The same goes for selecting an optimal screening interval. Currently, guidelines agree on annual screening as the standard, but recent evidence suggests biennial screening has the potential to be just as effective in certain risk groups, while also greatly reducing implementation costs.

    Without effective and timely treatment following the early detection of cancer, the effects on mortality reduction and quality of life will be limited. Many universities and companies are investing heavily in improving surgical intervention technologies, radiotherapy applications, and pharmaceuticals that localize and target cancerous lung nodules. One of our goals at iDNA is to help set up (clinical) research to further innovate and improve treatment opportunities for early stage lung cancer.

  • The NELSON study proved that lung cancer screening is effective, which is why iDNA, together with our consortium of scientific partners, are funded by the EU to run lung cancer screening pilot programmes in five European countries. This new trial is branded the ‘4-IN-THE-LUNG-RUN’, and started January 1st, 2020. Please see here for more information.

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    6. National Lung Screening Trial Research T, Aberle DR, Adams AM, et al. Reduced lung-cancer mortality with low-dose computed tomographic screening. N Engl J Med 2011; 365(5): 395-409.
    7. Henschke CI, McCauley DI, Yankelevitz DF, et al. (1999). Early Lung Action Project: overall design and findings from baseline screening. Lancet. 354(9173):99-105
    8. Yousaf-Khan U, van der Aalst C, de Jong PA, et al. Final screening round of the NELSON lung cancer screening trial: the effect of a 2.5-year screening interval. Thorax. 2017; 72(1): 48-56.
    9. de Koning HJ, van der Aalst CA, de Jong PA, et al. Reduced Lung-Cancer Mortality with Volume CT Screening in a Randomized Trial. New England Journal of Medicine. 2020; published online at NEJM.org. DOI: 10.1056/NEJMoa1911793
    10. Goffin JR, Flanagan WM, Miller AB, et al. Biennial lung cancer screening in Canada with smoking cessation-outcomes and cost-effectiveness. Lung Cancer. 2016 Nov;101:98-103. doi: 10.1016/j.lungcan.2016.09.013. Epub 2016 Sep 28.
    11. Ten Haaf K, Tammema¨gi MC, Bondy SJ, et al. Performance and cost-effectiveness of computed tomography lung cancer screening scenarios in a population-based setting: a microsimulation modeling analysis in Ontario, Canada. PLoS Med. 2017;14:e1002225. [PMID:28170394] doi:10.1371/journal.pmed.1002225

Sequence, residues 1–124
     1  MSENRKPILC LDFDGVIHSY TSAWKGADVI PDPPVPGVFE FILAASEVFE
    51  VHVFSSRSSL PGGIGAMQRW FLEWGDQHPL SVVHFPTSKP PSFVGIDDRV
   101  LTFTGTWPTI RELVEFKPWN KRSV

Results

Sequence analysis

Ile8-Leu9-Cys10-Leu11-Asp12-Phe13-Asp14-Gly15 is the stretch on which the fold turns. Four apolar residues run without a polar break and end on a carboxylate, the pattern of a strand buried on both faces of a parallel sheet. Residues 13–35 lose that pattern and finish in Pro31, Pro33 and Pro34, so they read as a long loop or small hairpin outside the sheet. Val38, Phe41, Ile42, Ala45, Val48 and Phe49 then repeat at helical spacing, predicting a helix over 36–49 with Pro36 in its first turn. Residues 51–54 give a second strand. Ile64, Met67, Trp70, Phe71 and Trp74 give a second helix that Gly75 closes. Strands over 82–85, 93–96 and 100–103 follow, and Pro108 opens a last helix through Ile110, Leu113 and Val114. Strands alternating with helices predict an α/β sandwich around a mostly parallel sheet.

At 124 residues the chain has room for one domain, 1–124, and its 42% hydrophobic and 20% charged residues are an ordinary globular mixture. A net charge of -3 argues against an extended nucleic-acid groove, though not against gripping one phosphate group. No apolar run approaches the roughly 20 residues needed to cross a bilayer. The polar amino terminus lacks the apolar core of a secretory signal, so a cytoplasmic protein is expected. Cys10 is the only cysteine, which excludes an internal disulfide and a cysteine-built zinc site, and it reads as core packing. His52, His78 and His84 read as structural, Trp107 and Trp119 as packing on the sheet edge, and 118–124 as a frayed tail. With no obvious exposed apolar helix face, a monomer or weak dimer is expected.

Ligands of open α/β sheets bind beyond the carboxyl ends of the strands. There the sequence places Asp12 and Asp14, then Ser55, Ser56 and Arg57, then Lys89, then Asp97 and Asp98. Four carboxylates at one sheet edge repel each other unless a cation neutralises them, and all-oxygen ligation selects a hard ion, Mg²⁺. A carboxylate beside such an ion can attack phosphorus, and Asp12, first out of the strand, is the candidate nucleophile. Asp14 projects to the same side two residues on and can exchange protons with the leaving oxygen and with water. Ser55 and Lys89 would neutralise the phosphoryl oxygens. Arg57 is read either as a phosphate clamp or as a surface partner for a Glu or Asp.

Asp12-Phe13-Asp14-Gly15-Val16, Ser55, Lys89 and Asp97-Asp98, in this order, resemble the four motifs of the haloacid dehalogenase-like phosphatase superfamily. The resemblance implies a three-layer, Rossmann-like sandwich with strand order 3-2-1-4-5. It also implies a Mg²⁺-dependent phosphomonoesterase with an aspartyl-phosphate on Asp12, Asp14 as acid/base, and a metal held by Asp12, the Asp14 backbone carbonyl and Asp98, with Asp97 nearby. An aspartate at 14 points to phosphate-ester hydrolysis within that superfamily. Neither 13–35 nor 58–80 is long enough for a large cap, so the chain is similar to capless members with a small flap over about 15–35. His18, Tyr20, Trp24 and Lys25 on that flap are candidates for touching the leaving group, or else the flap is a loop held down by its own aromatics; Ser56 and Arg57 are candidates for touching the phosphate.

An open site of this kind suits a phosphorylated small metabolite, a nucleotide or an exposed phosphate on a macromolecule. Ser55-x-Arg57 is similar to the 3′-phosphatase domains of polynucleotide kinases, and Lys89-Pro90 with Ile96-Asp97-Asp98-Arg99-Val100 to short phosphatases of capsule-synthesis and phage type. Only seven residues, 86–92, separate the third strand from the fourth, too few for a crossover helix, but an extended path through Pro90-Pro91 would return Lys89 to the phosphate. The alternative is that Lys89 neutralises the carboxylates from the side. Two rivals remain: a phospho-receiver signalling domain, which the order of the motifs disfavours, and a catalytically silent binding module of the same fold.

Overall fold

12. Horeweg N et al. Volumetric computed tomography screening for lung cancer: three rounds of the NELSON trial. (2013). Eur Respir J. 42(6):1659-67.
    13. De Koning H, Van Der Aalst C, Ten Haaf K, et al: Effects of volume CT lung cancer screening: Mortality results of the NELSON randomized-controlled population based trial. 2018 World Conference on Lung Cancer. Abstract PL02.05. Presented September 25, 2018.
    14. Slatore CG, Baumann C, Pappas M, Humphrey LL. Smoking behaviors among patients receiving computed tomography for lung cancer screening. Systematic review in support of the U.S. preventive services task force. Ann Am Thorac Soc 2014; 11(4): 619-27.
    15. Ferlay J, Colombet M, Soerjomataram I, et al. Cancer incidence and mortality patterns in Europe: Estimates for 40 countries and 25 major cancers in 2018. Eur J Cancer 2018; 103: 356-87.
    16. Tanner NT, Kanodra NM, Gebregziabher M, et al. The Association between Smoking Abstinence and Mortality in the National Lung Screening Trial. Am J Respir Crit Care Med 2016; 193(5): 534-41.
    17. Tramontano AC, Sheehan DF, McMahon PM, et al. Evaluating the impacts of screening and smoking cessation programmes on lung cancer in a high-burden region of the USA: a simulation modelling study. BMJ Open 2016; 6(2): e010227.
    18. de Koning H.J., van der Aalst C.M., ten Haaf K., Oudkerk M. PL02.05 – Effects of Volume CT Lung Cancer Screening: Mortality Results of the NELSON Randomised-Controlled Population Based Trial. 19th World Conference on Lung Cancer. Toronto, Canada; 2018.
    19. Pinsky PF, Church TR, Izmirlian G, Kramer BS. The National Lung Screening Trial: results stratified by demographics, smoking history, and lung cancer histology. Cancer 2013; 119(22): 3976-83.